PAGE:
Facebook on Thursday said it would resume allowing ads on political, social and election issues. The tech giant, along with Google, had placed a temporary ban on political ads following polls closing on Election Day 2020.
In a blog post on Thursday, Facebook said it put the ban in place to help “avoid confusion or abuse” surrounding the 2020 election.
“Unlike other platforms, we require authorization and transparency not just for political and electoral ads, but also for social issue ads, and our systems do not distinguish between these categories,” the company said in its blog post. “We’ve heard a lot of feedback about this and learned more about political and electoral ads during this election cycle. As a result, we plan to use the coming months to take a closer look at how these ads work on our service to see where further changes may be merited.”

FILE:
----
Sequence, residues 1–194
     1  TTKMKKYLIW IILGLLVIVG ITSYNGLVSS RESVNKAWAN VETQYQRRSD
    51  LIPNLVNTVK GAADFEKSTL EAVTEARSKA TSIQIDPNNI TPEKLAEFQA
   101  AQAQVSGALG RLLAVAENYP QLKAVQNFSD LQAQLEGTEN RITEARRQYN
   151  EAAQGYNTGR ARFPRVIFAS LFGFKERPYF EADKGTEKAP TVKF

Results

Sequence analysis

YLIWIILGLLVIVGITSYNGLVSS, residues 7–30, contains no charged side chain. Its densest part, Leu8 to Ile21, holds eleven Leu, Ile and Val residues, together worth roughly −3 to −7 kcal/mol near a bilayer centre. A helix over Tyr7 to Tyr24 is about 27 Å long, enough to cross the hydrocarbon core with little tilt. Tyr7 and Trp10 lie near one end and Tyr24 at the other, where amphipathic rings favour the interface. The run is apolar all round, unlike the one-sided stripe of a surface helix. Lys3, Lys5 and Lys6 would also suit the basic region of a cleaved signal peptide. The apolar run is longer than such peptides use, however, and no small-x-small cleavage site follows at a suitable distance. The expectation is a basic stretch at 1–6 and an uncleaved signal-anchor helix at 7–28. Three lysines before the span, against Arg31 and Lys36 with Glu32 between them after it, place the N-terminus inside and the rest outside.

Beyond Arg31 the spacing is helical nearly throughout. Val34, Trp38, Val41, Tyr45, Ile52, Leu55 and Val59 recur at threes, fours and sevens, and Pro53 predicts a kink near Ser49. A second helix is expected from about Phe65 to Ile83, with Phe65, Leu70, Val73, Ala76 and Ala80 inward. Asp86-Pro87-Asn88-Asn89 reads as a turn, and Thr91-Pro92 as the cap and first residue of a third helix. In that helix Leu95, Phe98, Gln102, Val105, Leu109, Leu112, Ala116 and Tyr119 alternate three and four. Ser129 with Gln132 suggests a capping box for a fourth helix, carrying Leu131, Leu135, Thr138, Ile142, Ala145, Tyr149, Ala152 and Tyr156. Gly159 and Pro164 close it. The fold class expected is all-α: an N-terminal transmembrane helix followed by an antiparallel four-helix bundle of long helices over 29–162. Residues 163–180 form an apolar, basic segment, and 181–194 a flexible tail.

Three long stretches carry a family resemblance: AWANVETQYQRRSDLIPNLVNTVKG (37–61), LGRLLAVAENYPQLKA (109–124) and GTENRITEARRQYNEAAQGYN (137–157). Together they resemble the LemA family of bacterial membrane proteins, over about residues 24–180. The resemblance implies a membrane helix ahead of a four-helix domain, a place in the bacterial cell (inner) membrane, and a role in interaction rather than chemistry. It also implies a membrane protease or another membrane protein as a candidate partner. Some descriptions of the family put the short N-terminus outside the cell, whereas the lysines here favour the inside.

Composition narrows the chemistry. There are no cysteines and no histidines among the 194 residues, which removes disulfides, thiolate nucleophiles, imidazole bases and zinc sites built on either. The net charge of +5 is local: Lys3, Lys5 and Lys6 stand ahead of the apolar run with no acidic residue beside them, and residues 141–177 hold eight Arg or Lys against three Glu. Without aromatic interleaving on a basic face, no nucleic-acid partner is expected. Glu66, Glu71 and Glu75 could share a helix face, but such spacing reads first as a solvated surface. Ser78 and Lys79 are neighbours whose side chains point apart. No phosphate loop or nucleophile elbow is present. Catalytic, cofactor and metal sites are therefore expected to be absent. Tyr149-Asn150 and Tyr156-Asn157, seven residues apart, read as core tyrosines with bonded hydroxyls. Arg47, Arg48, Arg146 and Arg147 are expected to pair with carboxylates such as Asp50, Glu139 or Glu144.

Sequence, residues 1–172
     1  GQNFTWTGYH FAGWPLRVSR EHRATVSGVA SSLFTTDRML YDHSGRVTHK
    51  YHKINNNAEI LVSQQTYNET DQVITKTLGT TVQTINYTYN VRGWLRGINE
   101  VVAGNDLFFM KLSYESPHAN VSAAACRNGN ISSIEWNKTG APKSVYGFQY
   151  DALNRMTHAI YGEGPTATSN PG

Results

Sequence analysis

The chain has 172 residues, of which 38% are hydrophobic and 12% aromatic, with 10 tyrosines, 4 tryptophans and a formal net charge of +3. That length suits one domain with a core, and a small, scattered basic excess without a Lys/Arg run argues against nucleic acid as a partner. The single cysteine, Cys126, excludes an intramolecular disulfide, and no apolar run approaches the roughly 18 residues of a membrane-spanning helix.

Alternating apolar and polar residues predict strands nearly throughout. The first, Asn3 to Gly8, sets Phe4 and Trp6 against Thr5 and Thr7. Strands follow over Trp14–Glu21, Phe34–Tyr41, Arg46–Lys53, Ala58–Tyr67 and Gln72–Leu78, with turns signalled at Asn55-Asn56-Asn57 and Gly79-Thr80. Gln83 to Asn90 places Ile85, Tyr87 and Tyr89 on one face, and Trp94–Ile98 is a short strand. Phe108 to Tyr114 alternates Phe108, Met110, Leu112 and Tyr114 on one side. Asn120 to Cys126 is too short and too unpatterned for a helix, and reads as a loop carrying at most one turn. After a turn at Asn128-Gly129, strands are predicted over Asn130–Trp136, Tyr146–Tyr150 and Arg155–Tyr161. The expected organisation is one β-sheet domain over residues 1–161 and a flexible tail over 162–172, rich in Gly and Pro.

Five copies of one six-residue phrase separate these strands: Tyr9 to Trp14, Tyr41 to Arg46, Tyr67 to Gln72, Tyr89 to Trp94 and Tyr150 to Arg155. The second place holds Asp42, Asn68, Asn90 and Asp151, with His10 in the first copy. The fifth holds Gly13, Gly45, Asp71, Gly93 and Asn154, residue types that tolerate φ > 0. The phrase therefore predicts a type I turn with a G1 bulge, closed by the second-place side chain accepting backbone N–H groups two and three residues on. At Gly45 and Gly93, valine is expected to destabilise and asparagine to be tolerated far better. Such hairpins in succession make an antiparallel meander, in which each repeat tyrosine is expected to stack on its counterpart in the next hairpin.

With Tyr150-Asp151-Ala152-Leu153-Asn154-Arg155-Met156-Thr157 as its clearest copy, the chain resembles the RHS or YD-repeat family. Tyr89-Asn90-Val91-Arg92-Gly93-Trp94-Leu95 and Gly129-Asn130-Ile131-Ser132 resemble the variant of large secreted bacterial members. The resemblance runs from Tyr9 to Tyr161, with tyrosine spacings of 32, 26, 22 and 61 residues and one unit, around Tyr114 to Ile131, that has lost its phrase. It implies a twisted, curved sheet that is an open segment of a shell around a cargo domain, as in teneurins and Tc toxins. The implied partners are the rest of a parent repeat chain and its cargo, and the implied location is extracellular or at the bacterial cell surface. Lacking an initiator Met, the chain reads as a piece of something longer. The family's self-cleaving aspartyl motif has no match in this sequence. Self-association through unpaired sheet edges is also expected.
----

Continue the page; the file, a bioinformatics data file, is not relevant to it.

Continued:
Google lifted its ban on political ads in early December, while Facebook decided to keep its ban going through Georgia’s runoff elections in January.
Last October, Facebook CEO Mark Zuckerberg said political ads accounted for a “relatively small” amount of its total sales. At the time, Zuckerberg said Facebook had $2.2 billion in revenue since mid-2018 from political ads; for comparison, Facebook’s reported $84.17 billion in revenue for all of 2020.